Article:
Editorial: SCHS culinary teacher Sissy Ivy deserving of national award
Sevier County High School's culinary program has won wide recognition and praise for getting students involved in a what could become a career in the food business. Leading this effort is Sissy Ivy, the culinary arts instructor. That she is a teacher was never in her plan, but her students are grateful her life took that turn.
Nominated by her students, Ivy is one of three winners of the National Restaurant Association Educational Foundation’s Faces of Diversity American Dream Award. She accepted her award at a ceremony during the National Restaurant Association’s Public Affairs Conference in Washington. It is an award richly deserved by one of local education's unsung heroes.
While Ivy has been involved in the food industry for over 20 years, she has only been teaching for the last six. She calls her new role one of the most rewarding jobs she’s ever had. “It’s about what I can give back to my students,” she said. Talk to her about culinary arts at Sevier County High, and it's always about the students, not her own accomplishments.
Wil Keener, one of Ivy’s students, said the program has assisted him in several ways. “It’s helped me with leadership skills, working with others, time management – just squeezing things in – I play football, too, and we don’t just work during school. There have been times we have been here at 5 a.m. and times we’ve been here at midnight,” he said.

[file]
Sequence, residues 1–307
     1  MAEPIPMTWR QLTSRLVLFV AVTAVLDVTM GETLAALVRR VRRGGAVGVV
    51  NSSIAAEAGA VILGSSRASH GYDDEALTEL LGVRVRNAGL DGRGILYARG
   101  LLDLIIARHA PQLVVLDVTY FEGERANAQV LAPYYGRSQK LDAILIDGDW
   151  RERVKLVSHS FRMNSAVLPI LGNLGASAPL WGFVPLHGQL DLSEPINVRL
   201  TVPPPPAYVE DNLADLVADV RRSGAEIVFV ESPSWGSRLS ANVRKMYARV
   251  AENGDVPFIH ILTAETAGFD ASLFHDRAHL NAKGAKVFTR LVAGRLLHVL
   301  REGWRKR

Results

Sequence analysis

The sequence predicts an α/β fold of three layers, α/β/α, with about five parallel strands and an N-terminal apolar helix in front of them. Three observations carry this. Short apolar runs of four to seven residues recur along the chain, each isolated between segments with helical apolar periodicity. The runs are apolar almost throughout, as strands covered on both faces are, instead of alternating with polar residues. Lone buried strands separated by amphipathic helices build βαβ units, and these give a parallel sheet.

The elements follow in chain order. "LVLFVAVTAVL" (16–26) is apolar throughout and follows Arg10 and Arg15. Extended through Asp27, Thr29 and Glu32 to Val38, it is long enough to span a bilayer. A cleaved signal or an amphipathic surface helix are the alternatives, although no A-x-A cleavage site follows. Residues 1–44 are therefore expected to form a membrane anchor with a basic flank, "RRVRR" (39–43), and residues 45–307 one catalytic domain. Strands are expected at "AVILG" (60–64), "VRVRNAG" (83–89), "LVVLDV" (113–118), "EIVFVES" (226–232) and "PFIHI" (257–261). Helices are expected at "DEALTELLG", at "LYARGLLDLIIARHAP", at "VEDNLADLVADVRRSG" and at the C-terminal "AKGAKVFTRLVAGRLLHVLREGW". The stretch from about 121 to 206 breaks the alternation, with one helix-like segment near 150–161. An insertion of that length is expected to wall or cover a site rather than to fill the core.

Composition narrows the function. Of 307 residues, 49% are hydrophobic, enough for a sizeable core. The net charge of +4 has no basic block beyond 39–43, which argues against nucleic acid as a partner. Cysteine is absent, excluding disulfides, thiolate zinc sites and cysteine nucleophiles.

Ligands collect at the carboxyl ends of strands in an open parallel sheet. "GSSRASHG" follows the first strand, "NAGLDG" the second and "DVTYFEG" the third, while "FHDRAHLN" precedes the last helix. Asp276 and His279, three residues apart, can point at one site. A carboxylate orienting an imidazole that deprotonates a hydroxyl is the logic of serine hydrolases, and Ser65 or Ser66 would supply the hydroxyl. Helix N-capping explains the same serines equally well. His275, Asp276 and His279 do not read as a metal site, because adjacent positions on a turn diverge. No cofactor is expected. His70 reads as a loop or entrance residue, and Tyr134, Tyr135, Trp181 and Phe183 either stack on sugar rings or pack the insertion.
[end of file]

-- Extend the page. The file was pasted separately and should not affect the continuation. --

Besides encouraging the food talents of her students, Ivy also assists them in getting scholarships so they can study at the next level. She encourages her students to attend college, whether they want to major in culinary arts or not. Such advice is important to youngsters at a crossroads after they receive their diploma. Keener will attend Johnson & Wales University in Charlotte, N.C., where he plans to major in culinary arts and nutrition.
One of seven children growing up in a single-family home, Ivy came from poverty. It wasn’t until after she was married that she had the opportunity to attend college. That's what she tells her students. Her 12 seniors are all signed up for college. Many may become chiefs or food service workers in an industry that continues to grow and need people. The kind of people Sissy Ivy is training and nurturing.
Congratulations on a job well done and an award much deserved.